Do you own a smart phone? If yes, you’re likely to have tried video calling (e.g. with Skype or FaceTime). Video calling is an exciting technology, but as Zeljko Medenica and I show in our CHI 2012 Work-in-Progress paper , it’s not a technology you should use while driving.
Zeljko and I conducted a driving simulator experiment in which a driver and another participant were given the verbal task of playing the game of Taboo. The driver and the passenger were in separate rooms and spoke to each other over headsets. In one experimental condition, the driver and the other participant could also see each other as shown in the figure below. We wanted to find out if in this condition drivers would spend a significant amount of time looking at the other participant. This is an important question, as time spent looking at the other participant is time not spent looking at the road ahead!
We found that, when drivers felt that the driving task was demanding, they focused on the road ahead. However, when they perceived the driving task to be less demanding they looked at the other participant significantly more.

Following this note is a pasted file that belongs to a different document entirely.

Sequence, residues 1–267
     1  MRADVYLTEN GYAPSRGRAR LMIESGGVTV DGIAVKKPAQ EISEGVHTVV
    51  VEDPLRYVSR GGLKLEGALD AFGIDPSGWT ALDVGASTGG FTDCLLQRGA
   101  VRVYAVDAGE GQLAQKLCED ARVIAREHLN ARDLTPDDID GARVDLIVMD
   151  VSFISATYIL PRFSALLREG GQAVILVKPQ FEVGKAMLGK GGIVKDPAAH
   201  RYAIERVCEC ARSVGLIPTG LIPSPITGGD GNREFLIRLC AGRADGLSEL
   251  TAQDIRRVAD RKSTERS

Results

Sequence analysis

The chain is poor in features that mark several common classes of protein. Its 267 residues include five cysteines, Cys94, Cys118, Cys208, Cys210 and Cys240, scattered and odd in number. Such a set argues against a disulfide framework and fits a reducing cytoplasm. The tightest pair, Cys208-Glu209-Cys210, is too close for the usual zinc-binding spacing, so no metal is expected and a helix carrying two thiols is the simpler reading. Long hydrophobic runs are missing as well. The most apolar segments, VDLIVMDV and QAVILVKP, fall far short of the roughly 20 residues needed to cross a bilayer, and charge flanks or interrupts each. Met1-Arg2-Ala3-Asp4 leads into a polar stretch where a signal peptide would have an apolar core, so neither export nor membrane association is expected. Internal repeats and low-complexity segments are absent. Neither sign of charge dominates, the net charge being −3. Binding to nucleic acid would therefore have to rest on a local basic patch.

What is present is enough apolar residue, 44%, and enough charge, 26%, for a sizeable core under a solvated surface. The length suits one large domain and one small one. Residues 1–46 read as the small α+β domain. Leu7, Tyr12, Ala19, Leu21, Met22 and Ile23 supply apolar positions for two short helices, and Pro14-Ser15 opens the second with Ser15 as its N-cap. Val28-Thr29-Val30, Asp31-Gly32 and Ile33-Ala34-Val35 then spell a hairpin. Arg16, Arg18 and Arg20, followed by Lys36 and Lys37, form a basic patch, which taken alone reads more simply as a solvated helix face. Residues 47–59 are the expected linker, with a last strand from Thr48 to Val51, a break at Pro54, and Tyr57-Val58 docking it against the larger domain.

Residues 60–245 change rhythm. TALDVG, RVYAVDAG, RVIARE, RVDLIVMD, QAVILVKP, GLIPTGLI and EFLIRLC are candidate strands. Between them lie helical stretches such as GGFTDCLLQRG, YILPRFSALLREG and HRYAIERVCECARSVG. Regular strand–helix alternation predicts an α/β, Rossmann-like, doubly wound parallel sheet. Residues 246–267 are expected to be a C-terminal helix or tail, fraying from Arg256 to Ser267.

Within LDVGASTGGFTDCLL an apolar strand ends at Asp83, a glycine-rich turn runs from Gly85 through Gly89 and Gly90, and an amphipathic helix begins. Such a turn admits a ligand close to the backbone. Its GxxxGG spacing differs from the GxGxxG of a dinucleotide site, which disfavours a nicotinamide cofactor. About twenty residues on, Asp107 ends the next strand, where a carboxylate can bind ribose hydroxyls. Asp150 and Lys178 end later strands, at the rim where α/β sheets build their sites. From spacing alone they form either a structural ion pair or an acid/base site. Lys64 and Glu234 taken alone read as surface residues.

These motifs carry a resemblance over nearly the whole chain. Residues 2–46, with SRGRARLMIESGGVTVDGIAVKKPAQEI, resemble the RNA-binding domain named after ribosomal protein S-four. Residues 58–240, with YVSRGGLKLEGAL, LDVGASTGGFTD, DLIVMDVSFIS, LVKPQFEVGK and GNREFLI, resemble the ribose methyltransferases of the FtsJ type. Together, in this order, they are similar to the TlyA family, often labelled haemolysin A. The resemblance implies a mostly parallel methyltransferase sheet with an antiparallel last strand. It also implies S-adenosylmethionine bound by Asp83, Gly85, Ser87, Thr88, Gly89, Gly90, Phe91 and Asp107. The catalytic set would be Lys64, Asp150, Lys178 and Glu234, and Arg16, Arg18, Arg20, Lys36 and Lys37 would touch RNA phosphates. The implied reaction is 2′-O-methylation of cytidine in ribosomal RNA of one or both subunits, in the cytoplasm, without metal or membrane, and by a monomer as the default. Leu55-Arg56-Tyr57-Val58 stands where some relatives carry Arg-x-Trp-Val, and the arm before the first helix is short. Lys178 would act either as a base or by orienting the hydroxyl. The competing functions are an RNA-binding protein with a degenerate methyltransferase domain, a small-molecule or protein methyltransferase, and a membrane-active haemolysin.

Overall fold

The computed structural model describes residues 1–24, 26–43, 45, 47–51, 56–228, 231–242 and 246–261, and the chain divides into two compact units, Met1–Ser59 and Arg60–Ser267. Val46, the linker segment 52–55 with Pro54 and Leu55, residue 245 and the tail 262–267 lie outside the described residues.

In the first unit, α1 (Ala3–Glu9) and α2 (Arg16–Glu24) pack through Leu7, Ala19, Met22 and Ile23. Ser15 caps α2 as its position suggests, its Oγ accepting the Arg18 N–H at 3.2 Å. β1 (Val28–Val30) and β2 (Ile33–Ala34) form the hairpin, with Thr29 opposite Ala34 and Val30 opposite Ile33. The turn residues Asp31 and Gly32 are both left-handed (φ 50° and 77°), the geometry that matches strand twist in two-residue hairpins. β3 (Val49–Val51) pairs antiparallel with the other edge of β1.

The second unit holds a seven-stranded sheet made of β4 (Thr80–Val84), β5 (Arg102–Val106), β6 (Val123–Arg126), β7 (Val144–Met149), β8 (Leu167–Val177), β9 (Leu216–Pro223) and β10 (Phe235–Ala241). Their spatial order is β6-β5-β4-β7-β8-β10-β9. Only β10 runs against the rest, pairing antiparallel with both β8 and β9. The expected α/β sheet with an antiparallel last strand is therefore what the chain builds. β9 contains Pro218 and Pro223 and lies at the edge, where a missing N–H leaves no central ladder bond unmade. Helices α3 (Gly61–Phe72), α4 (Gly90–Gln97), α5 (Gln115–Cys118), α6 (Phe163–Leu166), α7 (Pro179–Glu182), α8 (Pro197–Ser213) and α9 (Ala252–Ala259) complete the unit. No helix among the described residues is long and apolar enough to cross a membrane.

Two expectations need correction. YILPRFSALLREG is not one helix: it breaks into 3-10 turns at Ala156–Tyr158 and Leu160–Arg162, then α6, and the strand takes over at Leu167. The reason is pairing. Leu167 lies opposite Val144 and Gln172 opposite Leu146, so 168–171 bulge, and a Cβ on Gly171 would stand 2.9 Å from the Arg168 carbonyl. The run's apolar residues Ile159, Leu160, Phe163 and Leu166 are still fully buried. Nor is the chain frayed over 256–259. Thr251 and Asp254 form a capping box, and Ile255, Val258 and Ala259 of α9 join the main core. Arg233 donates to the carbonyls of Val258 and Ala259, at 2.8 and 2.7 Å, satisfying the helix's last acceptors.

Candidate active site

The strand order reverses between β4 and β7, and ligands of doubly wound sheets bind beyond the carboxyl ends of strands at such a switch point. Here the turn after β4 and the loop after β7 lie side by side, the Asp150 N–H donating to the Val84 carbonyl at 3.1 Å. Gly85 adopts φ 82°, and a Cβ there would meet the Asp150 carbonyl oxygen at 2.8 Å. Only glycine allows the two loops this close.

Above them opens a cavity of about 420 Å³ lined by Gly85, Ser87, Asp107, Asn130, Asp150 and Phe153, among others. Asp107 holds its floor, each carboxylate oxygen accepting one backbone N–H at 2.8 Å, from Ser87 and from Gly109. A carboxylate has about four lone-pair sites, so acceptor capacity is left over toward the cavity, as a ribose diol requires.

What this tells us is that, under certain circumstances, drivers are willing to engage in video calls. This is due, at least in part, to the (western) social norm of looking at the person you’re talking to. These results should serve as a warning to interface designers, lawmakers (yes, there’s concern ), transportation officials, and drivers that video calling can be a serious distraction from driving.
Here’s a video that introduces the experiment in more detail:
 Andrew L. Kun, Zeljko Medenica, “Video Call, or Not, that is the Question,” to appear in CHI ’12 Extended Abstracts
 Claude Brodesser-Akner, “State Assemblyman: Ban iPhone4 Video-Calling From the Road,” New York Magazine. Date accessed 03/02/2012